Giving hope to persecuted Christians since 1995
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ICC Note:

As long as Vietnam continues to hold almost 300 Christian Montagnards as prisoners (for a list contact ICC at [email protected]) neither the Vatican nor the United States should permit Vietnam to join the World Trade Organization. Vietnam continues presenting a good face to the world, saying that they protect religious freedom, but behind closed doors the government still dictates what can be said and prosecutes Christians who do not abide by official rules.

AsiaNews (04/25/06) – The Vietnamese government and its Commission on Religious Affairs want to establish diplomatic relations with the Holy See and are working on a timetable to reach that goal, Ngo Yen Thi, head of the commission, said at the closing of the Communist Party Congress. Vietnam is also doing its utmost to be accepted by the international community and join the World Trade Organisation (WTO).

In a press conference held yesterday at the end of the congress, Ngo said that “socialism does not contravene spirituality”, claiming that the Vietnamese government guaranteed full freedom of religious practice to the Vietnamese people and that is religious policy is one of respect and support for religious freedom. “The spiritual needs of the people need the special attention of the party and the state,” he stressed.

Vietnam has however been often criticised for intolerance against Buddhists, democratic Catholics, and Protestant Montagnards. Many faith-based groups are considered illegal and persecuted, their leaders are arrested and their property destroyed. Even those groups that are legally recognised are subjected to stringent controls over what they can or cannot do.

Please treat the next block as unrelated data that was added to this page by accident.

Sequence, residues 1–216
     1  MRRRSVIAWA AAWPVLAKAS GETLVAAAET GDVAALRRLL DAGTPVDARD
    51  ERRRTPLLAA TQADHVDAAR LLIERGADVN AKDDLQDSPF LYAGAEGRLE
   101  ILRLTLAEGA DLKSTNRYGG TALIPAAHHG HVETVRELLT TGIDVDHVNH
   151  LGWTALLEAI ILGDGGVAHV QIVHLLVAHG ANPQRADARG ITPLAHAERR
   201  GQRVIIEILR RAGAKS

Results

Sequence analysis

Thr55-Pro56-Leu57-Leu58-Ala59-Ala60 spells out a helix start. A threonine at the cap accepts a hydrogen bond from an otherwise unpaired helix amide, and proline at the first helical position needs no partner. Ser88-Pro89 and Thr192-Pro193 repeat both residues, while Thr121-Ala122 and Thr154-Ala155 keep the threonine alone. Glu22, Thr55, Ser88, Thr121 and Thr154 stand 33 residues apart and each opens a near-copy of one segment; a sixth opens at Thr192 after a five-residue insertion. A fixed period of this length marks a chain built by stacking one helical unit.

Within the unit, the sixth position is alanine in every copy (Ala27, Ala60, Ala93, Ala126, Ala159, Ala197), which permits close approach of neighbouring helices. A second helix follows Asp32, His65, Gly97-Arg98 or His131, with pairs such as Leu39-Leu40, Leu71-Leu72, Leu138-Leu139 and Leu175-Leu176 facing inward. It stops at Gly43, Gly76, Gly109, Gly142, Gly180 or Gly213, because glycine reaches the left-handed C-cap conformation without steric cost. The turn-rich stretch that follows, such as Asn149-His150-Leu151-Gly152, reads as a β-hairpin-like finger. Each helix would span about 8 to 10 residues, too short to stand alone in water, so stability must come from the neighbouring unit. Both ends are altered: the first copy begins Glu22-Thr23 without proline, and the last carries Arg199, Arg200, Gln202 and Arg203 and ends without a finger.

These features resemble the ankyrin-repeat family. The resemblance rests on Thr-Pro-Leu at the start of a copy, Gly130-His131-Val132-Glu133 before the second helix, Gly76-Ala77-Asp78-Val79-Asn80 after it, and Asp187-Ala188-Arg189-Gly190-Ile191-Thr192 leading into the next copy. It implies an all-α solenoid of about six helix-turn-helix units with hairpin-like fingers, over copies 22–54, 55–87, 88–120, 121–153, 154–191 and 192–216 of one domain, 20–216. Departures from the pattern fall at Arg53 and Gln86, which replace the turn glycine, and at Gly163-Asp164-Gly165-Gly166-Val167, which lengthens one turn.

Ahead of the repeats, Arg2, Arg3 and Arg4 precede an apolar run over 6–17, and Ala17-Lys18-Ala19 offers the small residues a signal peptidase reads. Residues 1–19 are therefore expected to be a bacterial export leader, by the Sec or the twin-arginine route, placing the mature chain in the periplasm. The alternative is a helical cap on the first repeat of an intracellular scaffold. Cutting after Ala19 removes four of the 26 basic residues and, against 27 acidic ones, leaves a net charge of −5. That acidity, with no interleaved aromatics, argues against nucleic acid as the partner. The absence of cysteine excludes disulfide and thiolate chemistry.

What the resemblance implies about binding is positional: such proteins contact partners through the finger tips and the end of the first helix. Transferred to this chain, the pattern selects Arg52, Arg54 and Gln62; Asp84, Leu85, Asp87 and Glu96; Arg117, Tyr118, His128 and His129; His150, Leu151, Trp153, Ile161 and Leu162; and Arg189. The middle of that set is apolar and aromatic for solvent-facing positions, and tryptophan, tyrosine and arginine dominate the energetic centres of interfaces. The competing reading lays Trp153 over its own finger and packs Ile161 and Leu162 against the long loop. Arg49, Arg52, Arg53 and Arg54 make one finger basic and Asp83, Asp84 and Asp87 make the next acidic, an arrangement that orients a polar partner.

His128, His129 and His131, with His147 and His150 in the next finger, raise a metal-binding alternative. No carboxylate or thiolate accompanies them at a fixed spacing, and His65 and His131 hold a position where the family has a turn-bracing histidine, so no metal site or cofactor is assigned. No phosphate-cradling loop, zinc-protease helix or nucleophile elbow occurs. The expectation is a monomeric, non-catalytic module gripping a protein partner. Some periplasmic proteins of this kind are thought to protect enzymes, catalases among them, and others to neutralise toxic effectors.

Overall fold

In 2004, the US State Department designated Vietnam a “country of particular concern” on religious freedom, potentially hampering its bid to join the WTO. But Mr Thi said Vietnam would continue to urge the US to drop this designation, as it aims to join the World Trade Organisation this year.

In the last two years the takeover by the reformist wing of the Communist Party in Hanoi is giving religion greater leeway. Religion is seen first of all as a countervailing force to stem the profound immorality and corruption within the party and society. Greater openness towards religion is also seen as a useful way to promote Vietnam ’s ‘new path’.

The reformist wing’s takeover of the reins of power in the Communist Party was successful. The party congress ended yesterday with Nông Đức Mạnh being re-elected to the post of general secretary and given a mandate to kick-start reforms and tackle graft.

The 56-year-old Mạnh is expected to bring new blood to the politburo by getting Nguyễn Tấn Dũng and Nguyễn Minh Triet elected respectively as prime minister and president in lieu of Phan Văn Khải and Trần Đức Lương.

Vietnam ’s 83 million population is very young—60 per cent are under 30. In the last two years its economy has been among the fastest growing in South-East Asia . Last year it posted an 8.4 growth rate

In November Hanoi will host the Asia-Pacific Economic Co-operation forum in November, capping its return to the international stage.